- What about protein intake to maximise lean mass gains? The ‘International Society of Sports Nutrition Position Stand’ on protein and exercise explains “the optimal time period during which to ingest protein is likely a matter of individual tolerance, since benefits are derived from pre- or post-workout ingestion; however, the anabolic effect of exercise is long-lasting (at least 24 h), but likely diminishes with increasing time post-exercise.” Essentially, you can choose whether to have your protein before or after your workout to optimize your lean mass gains however just don’t wait too long to eat it afterwards as gains will be less optimal with the more time you wait post exercise.
For the Zen yogis and walkers who want to connect with themselves or with nature for their exercise…
- Lower intensity exercise doesn’t typically require any specific pre-workout nutrition. General recommendations would be to fuel as you normally would throughout the day, with no requirement for extra calories or carbohydrates.
- If you are practicing a morning yoga session, you may find that practicing on an empty stomach actually assists you to create more room in your abdominal cavity to elicit deeper breathing and may assist with achieving a deeper meditation to complete your practice. Please note, I would not recommend trialing this if you have issues with blood sugar imbalances or if you are practicing a hot/Bikram yoga class without first consulting a healthcare professional.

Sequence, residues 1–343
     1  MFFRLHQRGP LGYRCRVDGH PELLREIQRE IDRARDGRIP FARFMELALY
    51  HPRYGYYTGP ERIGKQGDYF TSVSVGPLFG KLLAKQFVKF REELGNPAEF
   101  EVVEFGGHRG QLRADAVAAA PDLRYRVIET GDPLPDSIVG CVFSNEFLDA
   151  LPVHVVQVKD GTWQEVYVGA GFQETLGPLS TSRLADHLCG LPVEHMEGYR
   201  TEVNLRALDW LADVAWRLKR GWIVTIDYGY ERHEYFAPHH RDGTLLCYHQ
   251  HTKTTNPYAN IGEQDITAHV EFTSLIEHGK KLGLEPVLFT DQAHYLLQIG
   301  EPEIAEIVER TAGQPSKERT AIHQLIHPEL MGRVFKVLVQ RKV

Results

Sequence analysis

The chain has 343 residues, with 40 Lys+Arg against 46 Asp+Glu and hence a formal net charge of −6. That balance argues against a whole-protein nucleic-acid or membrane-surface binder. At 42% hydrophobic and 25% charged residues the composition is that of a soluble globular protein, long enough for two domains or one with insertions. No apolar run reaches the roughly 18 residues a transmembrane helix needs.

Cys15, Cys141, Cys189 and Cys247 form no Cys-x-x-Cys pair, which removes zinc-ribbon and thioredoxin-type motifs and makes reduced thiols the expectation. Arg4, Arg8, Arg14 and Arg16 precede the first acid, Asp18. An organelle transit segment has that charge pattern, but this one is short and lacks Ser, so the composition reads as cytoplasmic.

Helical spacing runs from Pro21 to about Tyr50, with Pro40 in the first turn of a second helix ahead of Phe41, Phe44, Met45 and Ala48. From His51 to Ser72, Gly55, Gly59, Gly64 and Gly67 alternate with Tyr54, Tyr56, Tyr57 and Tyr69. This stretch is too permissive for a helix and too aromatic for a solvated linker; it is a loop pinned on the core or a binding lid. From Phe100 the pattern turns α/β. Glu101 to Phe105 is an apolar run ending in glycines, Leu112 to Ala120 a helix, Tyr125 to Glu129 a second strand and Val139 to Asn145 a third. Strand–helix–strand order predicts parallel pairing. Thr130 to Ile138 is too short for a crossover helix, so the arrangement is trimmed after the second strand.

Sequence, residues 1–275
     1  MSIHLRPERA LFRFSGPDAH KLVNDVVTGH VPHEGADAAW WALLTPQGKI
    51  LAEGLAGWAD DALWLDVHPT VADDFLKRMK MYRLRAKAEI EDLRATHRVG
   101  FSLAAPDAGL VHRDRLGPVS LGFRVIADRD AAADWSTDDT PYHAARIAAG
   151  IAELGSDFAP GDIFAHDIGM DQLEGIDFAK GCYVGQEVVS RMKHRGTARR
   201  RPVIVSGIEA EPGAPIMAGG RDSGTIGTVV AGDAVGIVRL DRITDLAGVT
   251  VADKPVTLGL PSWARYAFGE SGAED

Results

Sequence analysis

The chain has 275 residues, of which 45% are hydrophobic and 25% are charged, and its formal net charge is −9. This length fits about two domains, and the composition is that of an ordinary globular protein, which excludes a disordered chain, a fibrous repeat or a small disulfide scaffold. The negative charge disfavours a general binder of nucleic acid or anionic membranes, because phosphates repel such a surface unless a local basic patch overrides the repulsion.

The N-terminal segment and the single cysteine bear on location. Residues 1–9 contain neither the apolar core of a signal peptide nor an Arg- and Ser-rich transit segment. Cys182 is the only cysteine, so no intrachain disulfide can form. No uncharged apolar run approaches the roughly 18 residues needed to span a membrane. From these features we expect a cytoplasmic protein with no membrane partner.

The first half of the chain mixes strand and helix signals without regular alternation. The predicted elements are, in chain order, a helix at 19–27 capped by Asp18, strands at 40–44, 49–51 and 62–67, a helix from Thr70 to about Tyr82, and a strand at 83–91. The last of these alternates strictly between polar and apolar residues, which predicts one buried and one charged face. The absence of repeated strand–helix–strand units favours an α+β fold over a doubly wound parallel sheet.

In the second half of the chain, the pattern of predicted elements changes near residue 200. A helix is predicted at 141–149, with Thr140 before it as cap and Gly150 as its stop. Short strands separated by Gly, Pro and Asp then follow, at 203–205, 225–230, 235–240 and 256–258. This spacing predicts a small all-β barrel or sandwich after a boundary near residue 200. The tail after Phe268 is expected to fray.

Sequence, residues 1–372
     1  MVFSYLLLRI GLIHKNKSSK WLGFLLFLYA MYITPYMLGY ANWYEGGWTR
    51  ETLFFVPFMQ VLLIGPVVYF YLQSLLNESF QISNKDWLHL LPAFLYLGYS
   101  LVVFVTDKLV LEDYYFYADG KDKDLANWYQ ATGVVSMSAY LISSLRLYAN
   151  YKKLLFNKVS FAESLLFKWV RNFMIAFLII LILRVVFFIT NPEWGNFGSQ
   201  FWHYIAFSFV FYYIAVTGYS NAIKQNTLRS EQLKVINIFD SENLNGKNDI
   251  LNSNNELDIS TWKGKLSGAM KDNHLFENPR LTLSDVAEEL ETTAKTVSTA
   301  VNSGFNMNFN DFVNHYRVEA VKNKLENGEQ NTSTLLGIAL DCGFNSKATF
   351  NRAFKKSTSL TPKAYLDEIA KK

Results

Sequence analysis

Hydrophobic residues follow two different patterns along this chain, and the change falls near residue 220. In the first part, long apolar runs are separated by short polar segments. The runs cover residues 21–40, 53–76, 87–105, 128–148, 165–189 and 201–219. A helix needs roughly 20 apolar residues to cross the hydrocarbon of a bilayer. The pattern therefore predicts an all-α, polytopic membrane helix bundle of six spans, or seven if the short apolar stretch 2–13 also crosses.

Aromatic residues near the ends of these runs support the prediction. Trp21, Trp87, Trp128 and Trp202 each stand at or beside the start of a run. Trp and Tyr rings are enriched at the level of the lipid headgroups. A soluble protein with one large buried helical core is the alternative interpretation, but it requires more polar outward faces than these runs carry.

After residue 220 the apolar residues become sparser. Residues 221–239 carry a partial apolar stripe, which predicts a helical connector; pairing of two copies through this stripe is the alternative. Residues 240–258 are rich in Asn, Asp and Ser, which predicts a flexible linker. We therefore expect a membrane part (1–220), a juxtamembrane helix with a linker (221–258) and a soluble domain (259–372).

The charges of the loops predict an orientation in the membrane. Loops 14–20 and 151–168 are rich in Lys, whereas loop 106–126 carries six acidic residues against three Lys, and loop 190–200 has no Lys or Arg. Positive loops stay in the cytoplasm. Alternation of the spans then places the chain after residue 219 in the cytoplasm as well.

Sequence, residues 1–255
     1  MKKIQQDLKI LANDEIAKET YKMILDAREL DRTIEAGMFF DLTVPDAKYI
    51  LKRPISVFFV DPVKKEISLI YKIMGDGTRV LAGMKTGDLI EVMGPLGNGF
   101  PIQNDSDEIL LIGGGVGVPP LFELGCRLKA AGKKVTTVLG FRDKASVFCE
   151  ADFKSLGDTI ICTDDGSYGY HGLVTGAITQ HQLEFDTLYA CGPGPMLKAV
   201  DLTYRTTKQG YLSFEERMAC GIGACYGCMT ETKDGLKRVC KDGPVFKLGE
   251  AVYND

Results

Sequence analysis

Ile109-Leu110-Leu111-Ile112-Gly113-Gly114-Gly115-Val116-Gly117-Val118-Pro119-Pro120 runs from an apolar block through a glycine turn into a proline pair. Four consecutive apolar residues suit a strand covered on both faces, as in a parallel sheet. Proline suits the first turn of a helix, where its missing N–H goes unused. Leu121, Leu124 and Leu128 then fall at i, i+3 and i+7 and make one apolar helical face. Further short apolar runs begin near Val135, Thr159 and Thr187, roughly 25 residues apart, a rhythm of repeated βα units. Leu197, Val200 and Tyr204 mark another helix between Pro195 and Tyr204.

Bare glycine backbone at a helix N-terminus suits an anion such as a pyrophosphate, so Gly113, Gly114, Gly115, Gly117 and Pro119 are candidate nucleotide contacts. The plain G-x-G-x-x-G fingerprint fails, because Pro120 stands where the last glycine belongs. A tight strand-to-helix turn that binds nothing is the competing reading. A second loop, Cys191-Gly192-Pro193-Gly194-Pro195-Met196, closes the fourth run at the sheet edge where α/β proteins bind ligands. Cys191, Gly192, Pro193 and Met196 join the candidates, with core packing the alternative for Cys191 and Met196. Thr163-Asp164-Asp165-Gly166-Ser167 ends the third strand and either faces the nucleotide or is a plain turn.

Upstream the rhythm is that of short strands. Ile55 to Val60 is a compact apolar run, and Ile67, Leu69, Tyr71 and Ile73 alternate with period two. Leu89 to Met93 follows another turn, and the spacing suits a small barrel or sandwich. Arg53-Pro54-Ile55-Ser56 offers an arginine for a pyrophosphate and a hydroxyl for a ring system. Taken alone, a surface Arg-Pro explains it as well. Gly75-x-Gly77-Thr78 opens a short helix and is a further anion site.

For the endurance athlete or the weekend warrior that trains multiple sessions per day …
- You are the group that needs to ensure sufficient fuel is on board when you train and compete! Foods to choose prior to exercise include familiar, carbohydrate-rich foods that are well tolerated and easily digested (think breads, grains, cereals, fruits and veggies).
- You can also include small amounts of lean protein in your meal 2-4 hours before the session (40-60g lean meat; ¾ cup low fat yogurt; ½ cup cottage cheese; an egg) however try to stick to carbs or liquid meals (fruit smoothies; meal replacement drinks) in the hour leading up to the event – especially if you get butterflies in your tummy!